Acceptance Sampling Details

Acceptance sampling is a quality control process used when deciding to accept or reject a batch of products or services received from a supplier. When testing each product or service is expensive, time-consuming, or damaging, acceptance sampling offers a statistical, more feasible alternative for determining acceptability, saving time, energy, and cost.

In acceptance sampling, the consumer must decide its Acceptance Quality Level, or AQL, and its Rejection Quality Level, or RQL. The AQL is also known as the Alpha or Producer’s Risk, and is the highest defect rate that a consumer finds acceptable. The RQL, equivalent to the Beta or Consumer’s Risk, represents what the sampling plan will reject.

Acceptance sampling may be performed after the batch of products has been delivered or while they're still in the production plant. Either way, the method is not intended as a measure of quality but rather as a guide for the consumer when deciding to accept the products or not. Generally, if the number of defects is lower than the previously determined acceptable number, the lot will be accepted.

Acceptance Sampling Real World Example

A food manufacturing business has just received its order of 10,000 pieces of vacuum bags. It would be impractical for them to check each item for quality as this would take an unreasonable amount of time and energy. On the other hand, they cannot simply accept the products, not knowing how many of them are in good, usable condition.

As a solution, they decide to use the acceptance sampling method. They start by determining the sample size, or the number of vacuum bags that would be inspected, and the acceptance number, which is the acceptable number of defective products in the batch.

If the AQL is 1.5% and the RQL is 5.0%, alpha would be 0.5 and beta would be 0.1. Based on these figures, They should inspect 209 vacuum bags from the batch of 10,000 received. If the number of defective pieces is 6 or lower, they should accept the shipment. If the number of defective pieces is 7 or higher, they should reject the entire lot.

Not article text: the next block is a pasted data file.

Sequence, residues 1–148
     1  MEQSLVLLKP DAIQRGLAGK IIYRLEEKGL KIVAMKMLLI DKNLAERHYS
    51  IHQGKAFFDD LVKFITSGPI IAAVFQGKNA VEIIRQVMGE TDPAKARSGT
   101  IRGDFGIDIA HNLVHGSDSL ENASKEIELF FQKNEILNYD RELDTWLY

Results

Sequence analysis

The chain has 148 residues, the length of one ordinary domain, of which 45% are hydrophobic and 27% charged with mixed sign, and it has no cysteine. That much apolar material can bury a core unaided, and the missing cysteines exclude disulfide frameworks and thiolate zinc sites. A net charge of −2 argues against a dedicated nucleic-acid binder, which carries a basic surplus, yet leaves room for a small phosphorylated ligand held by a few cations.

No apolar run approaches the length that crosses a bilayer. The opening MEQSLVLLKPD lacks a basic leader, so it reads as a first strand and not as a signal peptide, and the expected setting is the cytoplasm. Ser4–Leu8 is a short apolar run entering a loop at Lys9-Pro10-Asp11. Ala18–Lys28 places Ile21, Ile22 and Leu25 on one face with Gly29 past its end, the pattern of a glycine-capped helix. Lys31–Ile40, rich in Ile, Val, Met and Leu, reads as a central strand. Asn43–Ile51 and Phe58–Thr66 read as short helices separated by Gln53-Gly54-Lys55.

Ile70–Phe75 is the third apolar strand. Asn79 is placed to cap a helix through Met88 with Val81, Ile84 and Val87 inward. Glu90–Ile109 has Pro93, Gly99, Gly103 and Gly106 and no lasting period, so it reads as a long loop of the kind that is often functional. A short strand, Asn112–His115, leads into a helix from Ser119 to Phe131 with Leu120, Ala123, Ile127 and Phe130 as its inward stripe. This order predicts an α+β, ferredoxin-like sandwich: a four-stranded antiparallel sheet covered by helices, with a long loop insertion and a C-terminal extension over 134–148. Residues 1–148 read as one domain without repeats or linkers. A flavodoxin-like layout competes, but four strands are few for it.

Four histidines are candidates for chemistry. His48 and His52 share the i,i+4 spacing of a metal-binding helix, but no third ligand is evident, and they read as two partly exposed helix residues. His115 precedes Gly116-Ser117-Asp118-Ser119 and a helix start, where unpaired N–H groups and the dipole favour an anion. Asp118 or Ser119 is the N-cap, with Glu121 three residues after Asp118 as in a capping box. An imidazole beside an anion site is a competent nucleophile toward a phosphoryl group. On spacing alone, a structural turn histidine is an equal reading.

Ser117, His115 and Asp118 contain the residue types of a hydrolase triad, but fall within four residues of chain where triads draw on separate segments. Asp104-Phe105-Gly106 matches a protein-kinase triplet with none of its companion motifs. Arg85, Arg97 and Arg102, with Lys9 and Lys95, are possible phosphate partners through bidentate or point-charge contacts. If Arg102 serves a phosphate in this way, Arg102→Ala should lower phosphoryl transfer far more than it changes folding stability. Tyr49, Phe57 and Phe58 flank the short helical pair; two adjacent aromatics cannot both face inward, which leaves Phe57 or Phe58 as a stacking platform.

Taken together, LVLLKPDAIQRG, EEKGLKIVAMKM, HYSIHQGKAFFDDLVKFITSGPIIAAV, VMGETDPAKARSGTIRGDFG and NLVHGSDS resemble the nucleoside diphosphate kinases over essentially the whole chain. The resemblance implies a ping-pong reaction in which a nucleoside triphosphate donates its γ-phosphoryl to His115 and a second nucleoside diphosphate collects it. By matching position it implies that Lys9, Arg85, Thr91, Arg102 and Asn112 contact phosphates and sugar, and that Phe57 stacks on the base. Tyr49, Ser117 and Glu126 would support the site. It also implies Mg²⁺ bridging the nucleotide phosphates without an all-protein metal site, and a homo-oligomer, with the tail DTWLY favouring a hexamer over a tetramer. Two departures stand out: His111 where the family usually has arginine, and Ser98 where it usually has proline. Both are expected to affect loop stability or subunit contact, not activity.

Significance of Acceptance Sampling

As mentioned, inspecting a full batch of products or services requires a huge amount of time and labor, constituting what is considered as a “deadweight cost.” It can even destroy the products in the testing process. Acceptance sampling offers a more realistic alternative that still gets the job done.

Humans as they are, inspectors are likely to grow bored and tired while checking an entire batch one by one, causing lapses in judgment as to the products’ acceptability. Again, this can be costly to the consumer as defective products are classified as acceptable and vice-versa. With the statistical option offered by acceptance sampling, every aspect of the process benefits from automation, especially finances and human resources.

Still, acceptance sampling is not a perfect process, and the possibility of making inaccurate conclusions remains. The method's success is also affected by such issues as sampling randomness, batch size, the testing attributes, and the overall acceptance criteria. Moreover, since accepting or rejecting an entire lot of products or services depends on the samples' results, there is a chance that those samples are not truly representative of the entire batch.

Two Types of Acceptance Sampling

The goal of acceptance sampling is consistent, but it can come in any of two types or forms. One is based on the product or service's straightforward attributes, and the other is based on variables.

In attribute sampling, data comes in the form of attributes, and the question solely rests on whether the attributes are present or not, regardless of the magnitude of the error. For example, in a fabric shipment, the presence of runs in any fabric roll would mean rejection of that roll. If there are no runs, no other factors will be considered, and the product would be accepted.

In variable sampling, data comes in variables, and the results are scaled according to how they meet predetermined requirements. For example, samples from a batch of body lotions will be assessed according to their toxicity levels. The products will be chemically tested, and if they meet the consumer’s specifications, they will be accepted.

History of Acceptance Sampling

The beginnings of industrial acceptance sampling go back to the early 1940s when the U.S. military used it to test bullets during the Second World War. Harold Dodge, a Bell Laboratories employee and then-Secretary of War consultant, developed the concept as part of the company’s quality assurance system.

Bullets had to be tested before the supplier accepted them but to test them meant to destroy them, and it was too risky to accept the bullets without testing their quality. To solve the problem, Dodge created a random sampling plan that would be used as a guideline, defining a set of criteria, such as sample size and a maximum number of tolerable defects.

Acceptance sampling rose to popularity during the war and was adopted by other industries in the years that followed. Then in 1969, Dodge pointed out the difference between acceptance sampling, which is no more than an immediate spot-checking of samples to assess lot acceptability and quality control, which is a broader, and independent part of the manufacturing process.